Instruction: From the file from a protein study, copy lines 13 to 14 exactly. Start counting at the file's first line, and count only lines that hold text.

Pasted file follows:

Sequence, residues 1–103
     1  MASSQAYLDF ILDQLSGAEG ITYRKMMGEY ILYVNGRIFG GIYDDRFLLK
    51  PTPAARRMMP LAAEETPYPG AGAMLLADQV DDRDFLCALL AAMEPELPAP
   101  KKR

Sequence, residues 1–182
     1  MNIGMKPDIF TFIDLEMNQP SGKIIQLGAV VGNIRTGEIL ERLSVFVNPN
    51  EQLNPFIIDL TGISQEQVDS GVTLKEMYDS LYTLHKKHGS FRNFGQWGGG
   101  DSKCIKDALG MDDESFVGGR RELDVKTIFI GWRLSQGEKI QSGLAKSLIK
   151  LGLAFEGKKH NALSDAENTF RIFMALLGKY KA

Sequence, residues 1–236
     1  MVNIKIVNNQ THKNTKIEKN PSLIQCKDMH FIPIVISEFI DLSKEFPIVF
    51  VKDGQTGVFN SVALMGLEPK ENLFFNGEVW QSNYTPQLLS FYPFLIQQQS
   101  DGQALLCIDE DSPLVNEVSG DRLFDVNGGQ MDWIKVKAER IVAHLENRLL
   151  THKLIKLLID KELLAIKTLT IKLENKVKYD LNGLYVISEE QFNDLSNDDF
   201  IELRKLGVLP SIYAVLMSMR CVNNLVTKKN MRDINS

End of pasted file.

   101  DGQALLCIDE DSPLVNEVSG DRLFDVNGGQ MDWIKVKAER IVAHLENRLL
   151  THKLIKLLID KELLAIKTLT IKLENKVKYD LNGLYVISEE QFNDLSNDDF